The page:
Hard work. Sweat. Toil. And all of it with a smile. I have no doubt he will be successful. Life is good and the heartbeat of America is alive and well in the windy city!

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I’ve Missed You

Posted May 4, 2015 By Reba J. Hoffman, Ph.D.

I haven’t blogged about my adventures around our great nation for two months. It hasn’t been because there have been no adventures. As I’ve reported all along, the heartbeat of America is still very much alive and well. I got another brand new truck and it took two months to have a special motor installed to help use electrical devices on the truck. Until I got that (last week), It was very challenging to charge up and use my computer.

Now that I have “go juice” again, the blogging resumes. Thank you for your patience. You all are amazing. I’ve gotten so many emails, calls, texts from you wondering about me. You’re the greatest followers a blogger could ever ask for.

Since I blogged last, I’ve traveled over 20,000 miles and covered the four corners of America. I’ve seen snow and sprouting buds of dogwood trees in the same day. I watched the blood moon lunar eclypse over the blue grass hills of Kentucky. I watched as our land awoke from a long winter sleep.

The news reports the turbulent times we live in. What they don’t report is that in spite of it all, America is picking itself up by the bootstraps and living life to its fullest. Total strangers are reaching out to help others. Thousands of individuals are paying it forward because someone helped them.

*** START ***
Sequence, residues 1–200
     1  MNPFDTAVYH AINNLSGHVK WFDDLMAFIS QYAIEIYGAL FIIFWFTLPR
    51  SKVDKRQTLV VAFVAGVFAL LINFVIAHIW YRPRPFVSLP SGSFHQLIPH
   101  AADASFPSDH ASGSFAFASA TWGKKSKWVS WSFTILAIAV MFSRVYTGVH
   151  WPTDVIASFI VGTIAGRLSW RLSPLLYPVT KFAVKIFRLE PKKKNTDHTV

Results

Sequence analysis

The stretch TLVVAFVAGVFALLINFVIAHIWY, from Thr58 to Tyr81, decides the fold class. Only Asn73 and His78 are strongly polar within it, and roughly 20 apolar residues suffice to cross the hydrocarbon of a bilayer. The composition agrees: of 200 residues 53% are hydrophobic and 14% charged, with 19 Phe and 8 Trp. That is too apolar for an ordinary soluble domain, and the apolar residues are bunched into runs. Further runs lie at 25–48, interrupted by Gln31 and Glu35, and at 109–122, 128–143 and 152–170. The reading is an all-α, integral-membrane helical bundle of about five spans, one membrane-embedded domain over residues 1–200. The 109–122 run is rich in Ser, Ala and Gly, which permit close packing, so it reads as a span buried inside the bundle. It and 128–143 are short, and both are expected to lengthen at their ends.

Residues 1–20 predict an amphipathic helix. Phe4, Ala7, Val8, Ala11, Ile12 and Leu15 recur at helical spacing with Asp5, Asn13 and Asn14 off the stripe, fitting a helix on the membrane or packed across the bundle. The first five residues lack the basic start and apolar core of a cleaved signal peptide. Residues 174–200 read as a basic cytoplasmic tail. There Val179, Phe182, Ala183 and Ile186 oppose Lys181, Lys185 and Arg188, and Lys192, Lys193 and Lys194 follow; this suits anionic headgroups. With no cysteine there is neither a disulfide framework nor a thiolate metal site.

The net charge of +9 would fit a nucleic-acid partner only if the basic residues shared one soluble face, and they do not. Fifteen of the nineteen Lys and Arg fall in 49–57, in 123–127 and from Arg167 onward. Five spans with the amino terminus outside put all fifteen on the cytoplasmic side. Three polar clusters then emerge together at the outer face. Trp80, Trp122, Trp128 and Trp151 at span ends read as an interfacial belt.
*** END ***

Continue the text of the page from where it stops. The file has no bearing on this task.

America. How I love the sound of that word and what it means. I’m so proud to be an American. The more I run up and down the highways and biways of our great nation, the more I appreciate what I have in our country. And the less I take it for granted. Yesterday in downtown Chicago I saw a man pedaling his bicycle selling ice cream out of an ice box on the front. In the farm lands I watched as farmers plowed fields to ready them to plant our nation’s food. In Kentucky I saw dirty faces emerge from the coal mines outside one of the largest makers of charcoal.

In Arkansas a trucker sat at a chicken plant doing homework as he inched toward a PhD in education.  In Pennsylvania an Amish couple plodded along the roadway in their black horse drawn buggy. In Kansas, Hispanic Americans found a better life for them and their families and fled their former homelands.

Life is filled with tragedy. True enough, but it is also filled with wonder, adventure, splendor, joy, humor. It is filled with the most amazing trinkets of truth and wisdom. It’s all around us. All we have to do is open our eyes and see. Open our hearts and feel. The heartbeat of America… it’s alive and well.

God bless America!

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Whatever It Takes

Posted March 5, 2015 By Reba J. Hoffman, Ph.D.

I crowded around the counter with a dozen other drivers at a local hangout. After ordering my dinner, Melanie the server told me she was leaving. My momentary sadness that she’d no longer bring me my Diet Pepsi without my asking for it was replaced by my natural curiosity about what her next adventure would be.

Between customers she explained that she has a masters degree but when her job was eliminated and she had little ones at home to feed, she began waiting tables and pouring up beer on tap for tips.

Her temporary measure lasted for two years but she’d finally landed a job back in her field: Education. Had she not told me, I would have never known she’d fallen on hard times. It never showed. Not once. She just brought my chips and salsa, laughed at my goofy jokes and was an all- around pleasant gal. 

Last year, between the Road to Freedom Tour and my trucking adventure, I spent a few months helping out at a Lifeway Christian Store. One of my coworkers also has a masters degree. And two children. And, because of some sort of strange illness, a suddenly legally blind husband. She’s a social worker licensed in another state. Unfortunately, she had to wait to get her license in her current state so she had to take a job earning minimum wage in a bookstore. It had to be agonizing, yet it never once showed. She was always pleasant, upbeat, and could always be found encouraging others. She decided that, whatever it takes, I’ll take care of my family.